Elizabeth Entriken came from Wisconsin to the Bailey area in 1864 with her sister and brother-on-law, Ann and William Bailey. William Bailey and reverend John Dyer, Ann's brother, built the cabin and established Bailey's Ranch. Reverend John Dyer "The Snowshoe Itinerant" stopped off at the cabin for several years during his travels between Denver and South Park. Reverend Dyer was well known for carrying the mail and conducting religious services throughout the area.
Elizabeth Entriken was well known for her generosity and hospitality. She knew and entertained famous prospectors, millionaires, writers, and builders. Howard and Augusta Tabor, John Evans, William Byers, Chief Colorow, and John Chivington were among those who experienced her hospitality. In addition, stagecoach passengers often stopped at the cabin for meals in the 1870s. Elizabeth Entriken lived in the cabin from 1864 until shortly before her death in 1922. The Entriken Cabin is the only remaining structure from the original town of Bailey. It was originally located at the mouth of Entriken Gulch near the Forest Ranger Station on Main Street. It was moved to its present location in 1973.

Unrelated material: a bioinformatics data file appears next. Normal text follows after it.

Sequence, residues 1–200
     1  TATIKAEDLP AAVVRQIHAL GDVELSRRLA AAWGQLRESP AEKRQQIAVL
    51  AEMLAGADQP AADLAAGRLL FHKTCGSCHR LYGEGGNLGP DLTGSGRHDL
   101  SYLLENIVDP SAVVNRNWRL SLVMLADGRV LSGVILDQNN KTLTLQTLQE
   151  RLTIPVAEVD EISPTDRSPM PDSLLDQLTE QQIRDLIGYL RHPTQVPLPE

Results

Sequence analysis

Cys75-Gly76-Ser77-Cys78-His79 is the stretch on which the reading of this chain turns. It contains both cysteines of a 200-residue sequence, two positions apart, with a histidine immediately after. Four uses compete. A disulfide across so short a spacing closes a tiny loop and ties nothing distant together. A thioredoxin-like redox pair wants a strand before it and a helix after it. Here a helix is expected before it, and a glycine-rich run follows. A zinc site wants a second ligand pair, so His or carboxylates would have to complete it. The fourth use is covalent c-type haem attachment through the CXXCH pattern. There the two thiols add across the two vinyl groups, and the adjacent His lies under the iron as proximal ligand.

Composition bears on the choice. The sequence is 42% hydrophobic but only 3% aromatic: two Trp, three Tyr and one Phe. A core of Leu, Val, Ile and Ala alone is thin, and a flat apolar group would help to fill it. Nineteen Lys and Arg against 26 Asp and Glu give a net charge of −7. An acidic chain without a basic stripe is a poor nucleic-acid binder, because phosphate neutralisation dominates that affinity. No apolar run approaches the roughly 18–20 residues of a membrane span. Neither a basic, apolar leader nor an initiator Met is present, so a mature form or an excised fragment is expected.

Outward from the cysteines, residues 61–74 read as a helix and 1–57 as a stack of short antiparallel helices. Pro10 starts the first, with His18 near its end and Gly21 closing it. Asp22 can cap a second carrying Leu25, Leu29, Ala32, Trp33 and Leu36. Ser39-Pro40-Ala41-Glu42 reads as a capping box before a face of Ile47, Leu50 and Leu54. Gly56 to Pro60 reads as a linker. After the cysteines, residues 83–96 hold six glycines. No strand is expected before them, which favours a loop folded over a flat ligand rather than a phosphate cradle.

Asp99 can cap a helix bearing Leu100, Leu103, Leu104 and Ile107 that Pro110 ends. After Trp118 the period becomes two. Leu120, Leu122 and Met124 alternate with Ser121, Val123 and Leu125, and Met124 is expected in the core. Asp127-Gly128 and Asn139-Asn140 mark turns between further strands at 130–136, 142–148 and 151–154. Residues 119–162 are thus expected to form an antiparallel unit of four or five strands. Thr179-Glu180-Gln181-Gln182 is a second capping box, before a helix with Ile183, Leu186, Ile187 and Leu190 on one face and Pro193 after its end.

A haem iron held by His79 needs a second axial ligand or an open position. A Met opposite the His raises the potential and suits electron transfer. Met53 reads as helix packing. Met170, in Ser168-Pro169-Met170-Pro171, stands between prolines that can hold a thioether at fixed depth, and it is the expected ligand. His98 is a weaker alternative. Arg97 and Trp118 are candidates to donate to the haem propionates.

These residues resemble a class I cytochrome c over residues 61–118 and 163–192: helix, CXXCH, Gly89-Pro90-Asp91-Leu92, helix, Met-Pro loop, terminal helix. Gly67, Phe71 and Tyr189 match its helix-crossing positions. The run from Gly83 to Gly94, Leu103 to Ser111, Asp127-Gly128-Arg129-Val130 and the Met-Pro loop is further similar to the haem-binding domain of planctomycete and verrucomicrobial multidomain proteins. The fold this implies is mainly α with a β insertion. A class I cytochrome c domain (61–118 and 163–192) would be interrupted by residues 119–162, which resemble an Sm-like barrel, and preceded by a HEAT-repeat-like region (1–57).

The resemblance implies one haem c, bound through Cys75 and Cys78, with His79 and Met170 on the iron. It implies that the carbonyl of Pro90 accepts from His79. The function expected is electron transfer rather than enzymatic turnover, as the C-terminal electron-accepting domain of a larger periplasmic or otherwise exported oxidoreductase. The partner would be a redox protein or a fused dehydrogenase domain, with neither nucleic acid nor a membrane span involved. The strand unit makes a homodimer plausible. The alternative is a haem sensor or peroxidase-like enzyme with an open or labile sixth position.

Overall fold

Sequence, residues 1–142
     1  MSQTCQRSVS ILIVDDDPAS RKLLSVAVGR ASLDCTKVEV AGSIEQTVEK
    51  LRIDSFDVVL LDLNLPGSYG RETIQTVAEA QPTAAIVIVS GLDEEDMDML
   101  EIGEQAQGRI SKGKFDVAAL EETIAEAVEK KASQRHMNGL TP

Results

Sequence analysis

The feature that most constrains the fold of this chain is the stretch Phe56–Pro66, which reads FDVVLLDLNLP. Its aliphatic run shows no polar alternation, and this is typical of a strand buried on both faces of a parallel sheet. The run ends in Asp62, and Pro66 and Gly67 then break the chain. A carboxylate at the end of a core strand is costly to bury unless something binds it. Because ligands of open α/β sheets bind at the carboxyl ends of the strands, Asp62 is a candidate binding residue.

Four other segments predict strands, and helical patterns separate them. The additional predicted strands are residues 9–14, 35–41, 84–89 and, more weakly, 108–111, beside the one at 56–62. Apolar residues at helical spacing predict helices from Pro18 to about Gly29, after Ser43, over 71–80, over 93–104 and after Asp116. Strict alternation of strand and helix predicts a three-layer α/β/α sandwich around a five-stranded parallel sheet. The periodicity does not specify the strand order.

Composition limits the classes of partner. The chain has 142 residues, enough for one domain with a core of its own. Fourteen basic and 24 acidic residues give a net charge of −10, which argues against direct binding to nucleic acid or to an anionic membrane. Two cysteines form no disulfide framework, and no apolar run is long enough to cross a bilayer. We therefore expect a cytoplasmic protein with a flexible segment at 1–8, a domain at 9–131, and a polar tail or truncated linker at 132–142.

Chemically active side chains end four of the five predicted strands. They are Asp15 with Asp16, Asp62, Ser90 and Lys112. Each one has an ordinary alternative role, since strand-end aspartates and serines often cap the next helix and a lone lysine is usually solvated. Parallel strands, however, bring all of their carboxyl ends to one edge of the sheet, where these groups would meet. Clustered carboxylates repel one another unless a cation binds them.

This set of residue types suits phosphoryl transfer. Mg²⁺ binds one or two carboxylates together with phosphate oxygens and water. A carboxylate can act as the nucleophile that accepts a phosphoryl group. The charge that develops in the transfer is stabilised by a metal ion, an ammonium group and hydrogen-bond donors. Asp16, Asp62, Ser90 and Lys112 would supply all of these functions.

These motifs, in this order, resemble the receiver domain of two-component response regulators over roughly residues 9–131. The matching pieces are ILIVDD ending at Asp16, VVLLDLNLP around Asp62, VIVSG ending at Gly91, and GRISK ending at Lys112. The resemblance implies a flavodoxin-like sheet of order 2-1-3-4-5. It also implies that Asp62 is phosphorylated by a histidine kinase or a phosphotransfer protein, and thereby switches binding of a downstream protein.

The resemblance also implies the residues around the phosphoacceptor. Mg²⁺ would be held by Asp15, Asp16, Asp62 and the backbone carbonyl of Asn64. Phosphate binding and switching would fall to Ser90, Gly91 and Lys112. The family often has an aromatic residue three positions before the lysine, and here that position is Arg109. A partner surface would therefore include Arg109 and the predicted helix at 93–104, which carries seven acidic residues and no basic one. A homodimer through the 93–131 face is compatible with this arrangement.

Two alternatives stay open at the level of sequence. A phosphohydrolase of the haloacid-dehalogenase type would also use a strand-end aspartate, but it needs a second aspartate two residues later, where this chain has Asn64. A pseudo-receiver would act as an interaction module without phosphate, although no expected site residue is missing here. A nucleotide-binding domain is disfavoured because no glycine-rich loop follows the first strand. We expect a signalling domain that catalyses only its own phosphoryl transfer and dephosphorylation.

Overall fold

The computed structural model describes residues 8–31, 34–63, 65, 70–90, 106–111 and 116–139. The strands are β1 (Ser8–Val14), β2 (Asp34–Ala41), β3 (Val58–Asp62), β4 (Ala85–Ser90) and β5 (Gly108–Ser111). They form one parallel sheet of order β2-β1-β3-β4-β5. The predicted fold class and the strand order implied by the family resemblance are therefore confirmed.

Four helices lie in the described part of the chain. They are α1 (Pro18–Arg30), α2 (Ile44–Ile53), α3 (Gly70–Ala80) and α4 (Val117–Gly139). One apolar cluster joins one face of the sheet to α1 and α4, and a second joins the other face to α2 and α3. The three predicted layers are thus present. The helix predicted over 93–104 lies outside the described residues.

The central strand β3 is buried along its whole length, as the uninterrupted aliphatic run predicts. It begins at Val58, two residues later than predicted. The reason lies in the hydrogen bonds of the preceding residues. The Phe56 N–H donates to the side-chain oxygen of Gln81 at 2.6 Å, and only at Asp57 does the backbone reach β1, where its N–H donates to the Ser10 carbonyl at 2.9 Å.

The cabin is an excellent example of a pioneer log cabin. If you look closely, you will notice that the logs are all hand hewn. In 1992 the Entriken Cabin was placed on the State Register of Historic Properties.